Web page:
We studied the response of dysferlin-null and control skeletal muscle to large- and small-strain injuries to the ankle dorsiflexors in mice. We measured contractile torque and counted fibers retaining 10-kDa fluorescein dextran, necrotic fibers, macrophages, and fibers with central nuclei and expressing developmental myosin heavy chain to assess contractile function, membrane resealing, necrosis, inflammation, and myogenesis. We also studied recovery after blunting myogenesis with X-irradiation. We report that dysferlin-null myofibers retain 10-kDa dextran for 3 days after large-strain injury but are lost thereafter, following necrosis and inflammation. Recovery of dysferlin-null muscle requires myogenesis, which delays the return of contractile function compared with controls, which recover from large-strain injury by repairing damaged myofibers without significant inflammation, necrosis, or myogenesis. Recovery of control and dysferlin-null muscles from small-strain injury involved inflammation and necrosis followed by myogenesis, all of which were more pronounced in the dysferlin-null muscles, which recovered more slowly. Both control and dysferlin-null muscles also retained 10-kDa dextran for 3 days after small-strain injury. We conclude that dysferlin-null myofibers can survive contraction-induced injury for at least 3 days but are subsequently eliminated by necrosis and inflammation. Myogenesis to replace lost fibers does not appear to be significantly compromised in dysferlin-null mice.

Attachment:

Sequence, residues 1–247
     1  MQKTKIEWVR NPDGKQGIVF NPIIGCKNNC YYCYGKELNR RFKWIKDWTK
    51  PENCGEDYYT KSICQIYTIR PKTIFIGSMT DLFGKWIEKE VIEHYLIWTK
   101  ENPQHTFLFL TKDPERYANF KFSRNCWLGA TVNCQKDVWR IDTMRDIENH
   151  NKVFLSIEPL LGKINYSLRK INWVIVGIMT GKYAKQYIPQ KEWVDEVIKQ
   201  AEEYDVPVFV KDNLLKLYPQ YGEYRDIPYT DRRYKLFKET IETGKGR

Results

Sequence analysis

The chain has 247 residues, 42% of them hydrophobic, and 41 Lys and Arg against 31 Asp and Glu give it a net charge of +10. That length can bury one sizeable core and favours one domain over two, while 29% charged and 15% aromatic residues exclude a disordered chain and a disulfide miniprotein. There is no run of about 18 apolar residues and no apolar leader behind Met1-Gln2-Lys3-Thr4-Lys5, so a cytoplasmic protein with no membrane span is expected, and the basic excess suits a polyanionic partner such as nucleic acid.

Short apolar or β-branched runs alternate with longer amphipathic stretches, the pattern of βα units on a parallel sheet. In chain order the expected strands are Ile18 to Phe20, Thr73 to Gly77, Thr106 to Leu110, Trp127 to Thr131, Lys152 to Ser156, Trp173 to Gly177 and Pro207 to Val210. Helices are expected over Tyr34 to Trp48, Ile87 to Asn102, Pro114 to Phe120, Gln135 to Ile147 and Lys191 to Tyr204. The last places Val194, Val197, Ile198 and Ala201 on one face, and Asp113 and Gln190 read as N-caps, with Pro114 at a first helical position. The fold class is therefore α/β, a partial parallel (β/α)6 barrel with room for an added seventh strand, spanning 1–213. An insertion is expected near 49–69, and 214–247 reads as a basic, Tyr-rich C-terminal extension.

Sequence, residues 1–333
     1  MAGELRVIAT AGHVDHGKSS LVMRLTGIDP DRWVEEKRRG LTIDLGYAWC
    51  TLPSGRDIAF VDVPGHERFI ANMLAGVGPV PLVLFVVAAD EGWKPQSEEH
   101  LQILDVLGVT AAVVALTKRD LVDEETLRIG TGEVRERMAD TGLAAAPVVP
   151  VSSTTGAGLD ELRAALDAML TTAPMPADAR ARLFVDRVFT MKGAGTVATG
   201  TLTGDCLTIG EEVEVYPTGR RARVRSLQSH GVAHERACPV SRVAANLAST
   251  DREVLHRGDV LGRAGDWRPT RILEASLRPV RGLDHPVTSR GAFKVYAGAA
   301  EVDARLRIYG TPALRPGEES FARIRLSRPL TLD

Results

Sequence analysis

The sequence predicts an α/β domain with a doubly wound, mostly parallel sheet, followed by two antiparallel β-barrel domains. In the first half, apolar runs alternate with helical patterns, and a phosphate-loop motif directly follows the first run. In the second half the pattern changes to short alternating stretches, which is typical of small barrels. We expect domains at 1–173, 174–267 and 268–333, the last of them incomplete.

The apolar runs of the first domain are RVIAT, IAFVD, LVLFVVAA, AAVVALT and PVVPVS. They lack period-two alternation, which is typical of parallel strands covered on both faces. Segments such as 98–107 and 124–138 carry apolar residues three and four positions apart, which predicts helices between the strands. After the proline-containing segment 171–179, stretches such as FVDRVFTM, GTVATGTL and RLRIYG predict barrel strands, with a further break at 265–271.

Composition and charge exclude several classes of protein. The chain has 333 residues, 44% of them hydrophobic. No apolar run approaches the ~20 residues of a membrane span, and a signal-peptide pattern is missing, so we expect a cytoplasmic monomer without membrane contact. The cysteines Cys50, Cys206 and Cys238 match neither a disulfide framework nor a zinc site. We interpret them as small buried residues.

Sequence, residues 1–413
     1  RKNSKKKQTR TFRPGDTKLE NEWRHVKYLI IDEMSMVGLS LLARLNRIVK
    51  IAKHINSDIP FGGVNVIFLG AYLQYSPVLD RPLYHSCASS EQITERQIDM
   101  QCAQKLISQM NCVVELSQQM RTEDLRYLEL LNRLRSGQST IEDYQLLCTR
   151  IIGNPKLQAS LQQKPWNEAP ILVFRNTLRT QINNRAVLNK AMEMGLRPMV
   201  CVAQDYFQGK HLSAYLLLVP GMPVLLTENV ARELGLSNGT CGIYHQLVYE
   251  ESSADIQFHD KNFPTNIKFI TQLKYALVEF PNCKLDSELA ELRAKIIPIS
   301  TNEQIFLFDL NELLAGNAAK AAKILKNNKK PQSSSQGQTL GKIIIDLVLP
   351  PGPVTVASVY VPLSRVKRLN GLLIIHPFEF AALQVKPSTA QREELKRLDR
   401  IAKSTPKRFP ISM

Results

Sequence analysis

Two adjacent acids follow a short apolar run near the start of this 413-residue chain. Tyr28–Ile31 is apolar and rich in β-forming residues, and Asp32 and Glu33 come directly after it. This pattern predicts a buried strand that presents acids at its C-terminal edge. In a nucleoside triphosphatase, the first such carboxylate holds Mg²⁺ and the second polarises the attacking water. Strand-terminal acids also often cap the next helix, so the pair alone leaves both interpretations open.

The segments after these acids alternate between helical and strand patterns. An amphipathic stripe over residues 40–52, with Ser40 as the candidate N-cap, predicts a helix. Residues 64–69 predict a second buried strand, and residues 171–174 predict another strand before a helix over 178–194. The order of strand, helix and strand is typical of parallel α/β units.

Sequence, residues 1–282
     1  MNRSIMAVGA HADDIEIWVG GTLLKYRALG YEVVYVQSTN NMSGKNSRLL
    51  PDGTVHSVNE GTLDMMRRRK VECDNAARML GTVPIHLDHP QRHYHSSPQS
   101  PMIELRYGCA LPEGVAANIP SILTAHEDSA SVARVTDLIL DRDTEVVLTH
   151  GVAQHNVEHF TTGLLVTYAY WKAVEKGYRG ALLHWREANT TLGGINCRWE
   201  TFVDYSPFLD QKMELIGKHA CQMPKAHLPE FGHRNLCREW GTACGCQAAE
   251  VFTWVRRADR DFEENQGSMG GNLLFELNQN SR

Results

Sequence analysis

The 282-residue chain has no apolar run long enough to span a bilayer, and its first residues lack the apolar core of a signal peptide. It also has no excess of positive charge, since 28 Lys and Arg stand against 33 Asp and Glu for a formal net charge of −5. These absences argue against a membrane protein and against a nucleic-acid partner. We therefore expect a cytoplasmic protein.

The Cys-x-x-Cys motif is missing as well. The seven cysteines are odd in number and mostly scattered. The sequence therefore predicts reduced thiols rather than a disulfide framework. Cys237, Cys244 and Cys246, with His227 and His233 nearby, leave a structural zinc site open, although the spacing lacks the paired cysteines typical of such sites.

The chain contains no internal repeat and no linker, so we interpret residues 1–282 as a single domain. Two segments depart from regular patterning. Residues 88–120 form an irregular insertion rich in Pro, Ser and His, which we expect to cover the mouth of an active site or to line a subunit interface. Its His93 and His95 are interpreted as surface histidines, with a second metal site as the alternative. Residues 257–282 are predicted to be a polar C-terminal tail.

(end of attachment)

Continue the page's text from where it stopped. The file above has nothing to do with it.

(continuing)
Physiological and Histological Changes in Skeletal Muscle Following in Vivo Gene Transfer by Electroporation
American Journal of Physiology. Cell Physiology. Nov, 2011 | Pubmed ID: 21832248